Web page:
When is a function too long?


35 lines, 55 lines, 100 lines, 300 lines? When you should start to break it apart? I'm asking because I have a function with 60 lines (including comments) and was thinking about breaking it apart.

long_function(){ ... }



The functions are not going to be used outside of the long_function, making smaller functions means more function calls, etc.

When would you break apart a function into smaller ones? Why?

  1. Methods should do only one logical thing (think about functionality)
  2. You should be able to explain the method in a single sentence
  3. It should fit into the height of your display
  4. Avoid unnecessary overhead (comments that point out the obvious…)
  5. Unit testing is easier for small logical functions
  6. Check if part of the function can be reused by other classes or methods
  7. Avoid excessive inter-class coupling
  8. Avoid deeply nested control structures

Thanks everyone for the answers, edit the list and vote for the correct answer I'll choose that one 😉

I am refactoring now with those ideas in mind 🙂

Best Solution

Here is a list of red-flags (in no particular order) that could indicate that a function is too long:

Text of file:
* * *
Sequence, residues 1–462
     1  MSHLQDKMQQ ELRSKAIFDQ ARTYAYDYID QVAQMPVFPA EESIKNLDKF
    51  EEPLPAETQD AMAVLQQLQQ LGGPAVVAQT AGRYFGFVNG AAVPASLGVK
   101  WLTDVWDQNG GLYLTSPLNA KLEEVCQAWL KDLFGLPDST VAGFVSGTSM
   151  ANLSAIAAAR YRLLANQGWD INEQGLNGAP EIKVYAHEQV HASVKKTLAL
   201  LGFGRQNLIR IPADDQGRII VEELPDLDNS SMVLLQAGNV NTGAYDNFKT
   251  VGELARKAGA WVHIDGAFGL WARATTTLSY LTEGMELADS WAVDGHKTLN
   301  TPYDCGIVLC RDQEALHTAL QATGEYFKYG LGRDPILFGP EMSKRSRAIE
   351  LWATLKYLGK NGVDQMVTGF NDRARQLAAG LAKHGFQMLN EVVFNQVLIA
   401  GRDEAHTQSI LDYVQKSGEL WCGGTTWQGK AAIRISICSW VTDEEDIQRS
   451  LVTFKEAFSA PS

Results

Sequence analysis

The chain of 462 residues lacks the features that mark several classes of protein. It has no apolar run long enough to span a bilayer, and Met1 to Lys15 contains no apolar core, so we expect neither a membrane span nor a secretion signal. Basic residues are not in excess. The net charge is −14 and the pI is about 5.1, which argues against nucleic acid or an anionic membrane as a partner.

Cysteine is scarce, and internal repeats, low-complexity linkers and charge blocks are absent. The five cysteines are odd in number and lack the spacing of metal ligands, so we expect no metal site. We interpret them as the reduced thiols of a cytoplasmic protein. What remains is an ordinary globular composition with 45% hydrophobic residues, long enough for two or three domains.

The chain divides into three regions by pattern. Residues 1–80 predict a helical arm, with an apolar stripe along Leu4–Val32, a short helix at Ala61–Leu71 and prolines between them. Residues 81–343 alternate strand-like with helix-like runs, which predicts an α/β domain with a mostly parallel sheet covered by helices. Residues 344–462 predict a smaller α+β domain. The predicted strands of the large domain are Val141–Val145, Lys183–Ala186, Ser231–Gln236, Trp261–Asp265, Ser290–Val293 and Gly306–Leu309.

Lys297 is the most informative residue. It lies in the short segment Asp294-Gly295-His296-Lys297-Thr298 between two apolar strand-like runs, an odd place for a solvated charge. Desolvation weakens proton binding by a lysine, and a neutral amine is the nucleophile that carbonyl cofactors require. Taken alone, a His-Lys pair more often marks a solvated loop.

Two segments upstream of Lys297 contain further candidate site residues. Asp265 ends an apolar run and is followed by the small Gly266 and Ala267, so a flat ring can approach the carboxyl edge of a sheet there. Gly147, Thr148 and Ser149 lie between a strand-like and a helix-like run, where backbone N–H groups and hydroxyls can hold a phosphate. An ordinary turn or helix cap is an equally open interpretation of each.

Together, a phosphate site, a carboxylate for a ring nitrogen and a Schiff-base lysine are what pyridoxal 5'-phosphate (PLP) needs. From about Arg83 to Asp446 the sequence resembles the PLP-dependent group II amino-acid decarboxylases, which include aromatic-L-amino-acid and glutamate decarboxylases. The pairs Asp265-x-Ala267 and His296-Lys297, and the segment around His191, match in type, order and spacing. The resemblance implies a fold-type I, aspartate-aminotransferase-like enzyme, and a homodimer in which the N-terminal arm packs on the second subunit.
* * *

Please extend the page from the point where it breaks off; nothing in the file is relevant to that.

1. Deeply nested control structures: e.g. for-loops 3 levels deep or even just 2 levels deep with nested if-statements that have complex conditions.

  2. Too many state-defining parameters: By state-defining parameter, I mean a function parameter that guarantees a particular execution path through the function. Get too many of these type of parameters and you have a combinatorial explosion of execution paths (this usually happens in tandem with #1).

  3. Logic that is duplicated in other methods: poor code re-use is a huge contributor to monolithic procedural code. A lot of such logic duplication can be very subtle, but once re-factored, the end result can be a far more elegant design.

  4. Excessive inter-class coupling: this lack of proper encapsulation results in functions being concerned with intimate characteristics of other classes, hence lengthening them.

  5. Unnecessary overhead: Comments that point out the obvious, deeply nested classes, superfluous getters and setters for private nested class variables, and unusually long function/variable names can all create syntactic noise within related functions that will ultimately increase their length.

  6. Your massive developer-grade display isn't big enough to display it: Actually, displays of today are big enough that a function that is anywhere close to its height is probably way too long. But, if it is larger, this is a smoking gun that something is wrong.

  7. You can't immediately determine the function's purpose: Furthermore, once you actually do determine its purpose, if you can't summarize this purpose in a single sentence or happen to have a tremendous headache, this should be a clue.

In conclusion, monolithic functions can have far-reaching consequences and are often a symptom of major design deficiencies. Whenever I encounter code that is an absolute joy to read, it's elegance is immediately apparent. And guess what: the functions are often very short in length.